Tuesday, September 05, 2006

So That's how They Did It

For some time I've been wondering how the panels for the Times Higher Education Supplement (THES) World University Ranking peer review in 2004 and 2005 were chosen. THES have been very coy about this, telling us only how many were involved, the continents they came from and the broad disciplinary areas. What they have not done is to give any information about exactly how these experts were selected, how they were distributed between countries, what the response rate was, exactly what questions were asked, whether resondents were allowed to pick their own universities, how many universities they could pick and so on. In short, we are given none of the information that would be required from even the most lackadaisical writer of a doctoral dissertation.

Something interesting has appeared on websites in Russia and New Zealand. Here are the links. The first is from the Special Astrophysical Observatory of the Russian Academy of Science http://www.sao.ru/lib/news/WScientific/WSci4.htm

The second is from the University of Auckland, New Zealand
http://www.aus.ac.nz/branches/auckland/akld06/AUS-SP.pdf.

The document is a message from QS, the consultants used by THES for their ranking exercise, soliciting respondents for the 2005 peer review. It begins with a quotation from Richard Sykes, Rector of Imperial College, London: "you need smart people to recognise smart people".

As if being acknowledged a smart person who can recognise smart people were not enough, anyone spending five minutes filling out an online form will qualify for a bunch of goodies, comprising a discount on attending the Asia Pacific Leaders in Education Conference in Singapore, a one month trial subscription to the THES, a chance to win a stand at the World Grad School Tour, a chance to qualify for a free exhibition table at "these prestigous events" and a chance to win a BlackBerry personal organiser.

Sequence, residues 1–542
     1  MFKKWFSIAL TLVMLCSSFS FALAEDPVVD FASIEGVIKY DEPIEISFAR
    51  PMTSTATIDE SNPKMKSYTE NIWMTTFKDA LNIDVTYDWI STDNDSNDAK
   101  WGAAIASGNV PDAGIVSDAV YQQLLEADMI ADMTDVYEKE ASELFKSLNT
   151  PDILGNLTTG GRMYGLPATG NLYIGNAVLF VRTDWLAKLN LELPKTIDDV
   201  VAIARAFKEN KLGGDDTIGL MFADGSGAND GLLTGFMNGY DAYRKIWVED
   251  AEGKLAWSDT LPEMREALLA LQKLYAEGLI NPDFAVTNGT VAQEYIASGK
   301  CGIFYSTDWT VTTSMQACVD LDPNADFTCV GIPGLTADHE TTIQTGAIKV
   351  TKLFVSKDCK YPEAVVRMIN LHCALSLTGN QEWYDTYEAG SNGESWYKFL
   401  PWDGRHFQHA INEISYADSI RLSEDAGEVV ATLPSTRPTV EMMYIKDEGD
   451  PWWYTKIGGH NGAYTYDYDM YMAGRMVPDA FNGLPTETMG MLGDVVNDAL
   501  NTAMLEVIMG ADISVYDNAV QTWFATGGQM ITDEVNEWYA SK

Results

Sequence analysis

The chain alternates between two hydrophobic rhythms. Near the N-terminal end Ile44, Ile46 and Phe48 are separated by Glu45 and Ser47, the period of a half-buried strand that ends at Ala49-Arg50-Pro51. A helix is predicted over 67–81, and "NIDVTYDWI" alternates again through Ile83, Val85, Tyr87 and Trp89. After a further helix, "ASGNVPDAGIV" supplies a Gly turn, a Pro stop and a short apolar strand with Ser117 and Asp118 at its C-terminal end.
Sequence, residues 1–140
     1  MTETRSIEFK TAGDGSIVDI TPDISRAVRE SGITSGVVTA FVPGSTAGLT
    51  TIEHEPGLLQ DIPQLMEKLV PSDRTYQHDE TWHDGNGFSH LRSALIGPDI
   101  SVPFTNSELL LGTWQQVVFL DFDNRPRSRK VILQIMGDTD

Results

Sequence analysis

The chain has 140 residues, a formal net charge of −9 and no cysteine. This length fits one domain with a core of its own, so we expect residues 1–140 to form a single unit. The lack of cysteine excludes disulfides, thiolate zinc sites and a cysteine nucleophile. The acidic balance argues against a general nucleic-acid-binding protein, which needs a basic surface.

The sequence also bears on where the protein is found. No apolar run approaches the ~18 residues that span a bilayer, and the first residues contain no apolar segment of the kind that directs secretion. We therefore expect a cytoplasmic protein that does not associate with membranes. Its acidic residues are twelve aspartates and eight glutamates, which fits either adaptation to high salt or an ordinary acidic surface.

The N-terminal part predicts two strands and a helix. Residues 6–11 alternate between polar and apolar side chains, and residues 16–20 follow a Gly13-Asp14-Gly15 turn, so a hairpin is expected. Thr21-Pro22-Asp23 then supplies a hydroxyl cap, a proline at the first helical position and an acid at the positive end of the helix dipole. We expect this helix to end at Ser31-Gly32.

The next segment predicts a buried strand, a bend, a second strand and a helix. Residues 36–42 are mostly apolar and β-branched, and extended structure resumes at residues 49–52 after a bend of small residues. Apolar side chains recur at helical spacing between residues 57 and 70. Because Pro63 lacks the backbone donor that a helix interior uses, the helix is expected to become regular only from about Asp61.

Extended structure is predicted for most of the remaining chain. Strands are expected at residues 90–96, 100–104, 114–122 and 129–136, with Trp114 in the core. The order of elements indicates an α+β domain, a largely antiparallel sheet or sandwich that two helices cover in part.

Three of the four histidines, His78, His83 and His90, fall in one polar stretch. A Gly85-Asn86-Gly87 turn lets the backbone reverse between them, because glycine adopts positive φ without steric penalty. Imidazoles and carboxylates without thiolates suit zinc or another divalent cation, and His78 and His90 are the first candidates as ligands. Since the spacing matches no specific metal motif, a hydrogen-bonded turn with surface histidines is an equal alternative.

It is quite common in social science research to pay survey participants for their time and trouble but this might be a bit excessive. It could also lead to a bias in the response rate. After all, not everybody is going to get very excited about going to those prestigous events. But some people might and they are more likely to be in certain disciplines and in certain places than others.

But the most interesting thing is the bit at the top of the Russian page. The message was addressed not to any particular person. but just to "World Scientific Subscriber" . World Scientific is an online collection of scientific journals. One wonders whether QS had any way of checking who they were getting replies from. Was it the head of the Observatory or some exploited graduate student whose job was to check the e-mail? Also, did they send the survey to all World Scientitific subscribers or just to some of them or only to those in Russia or Eastern Europe?

So now you know what to do if you want to get on the THES panel of peer reviwers. Subscribe to World Scientific and, perhaps, a few other online subscription services or work for an institution that does. With a bit of luck you will be recognised as a real smart person and get a chance to vote your employer and your alma mater into the Top 300 or 200.

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